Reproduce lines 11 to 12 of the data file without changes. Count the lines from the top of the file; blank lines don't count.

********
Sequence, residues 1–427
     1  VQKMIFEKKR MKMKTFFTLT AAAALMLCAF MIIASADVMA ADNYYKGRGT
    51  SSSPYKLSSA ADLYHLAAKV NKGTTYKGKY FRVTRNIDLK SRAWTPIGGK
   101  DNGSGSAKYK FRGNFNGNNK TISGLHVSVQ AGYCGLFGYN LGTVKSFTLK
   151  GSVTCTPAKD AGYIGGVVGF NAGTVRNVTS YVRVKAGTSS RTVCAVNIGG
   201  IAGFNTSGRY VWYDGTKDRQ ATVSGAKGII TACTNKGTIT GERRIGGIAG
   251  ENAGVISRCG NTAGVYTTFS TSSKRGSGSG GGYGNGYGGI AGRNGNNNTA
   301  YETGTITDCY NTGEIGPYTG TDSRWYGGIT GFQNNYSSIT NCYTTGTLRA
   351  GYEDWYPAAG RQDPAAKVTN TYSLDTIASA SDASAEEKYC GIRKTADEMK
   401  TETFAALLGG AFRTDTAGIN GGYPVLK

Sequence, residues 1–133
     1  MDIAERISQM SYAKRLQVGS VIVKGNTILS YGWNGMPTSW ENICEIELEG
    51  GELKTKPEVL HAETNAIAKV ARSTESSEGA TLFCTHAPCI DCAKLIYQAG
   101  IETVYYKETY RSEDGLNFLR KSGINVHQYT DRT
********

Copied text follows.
Sequence, residues 1–133
     1  MDIAERISQM SYAKRLQVGS VIVKGNTILS YGWNGMPTSW ENICEIELEG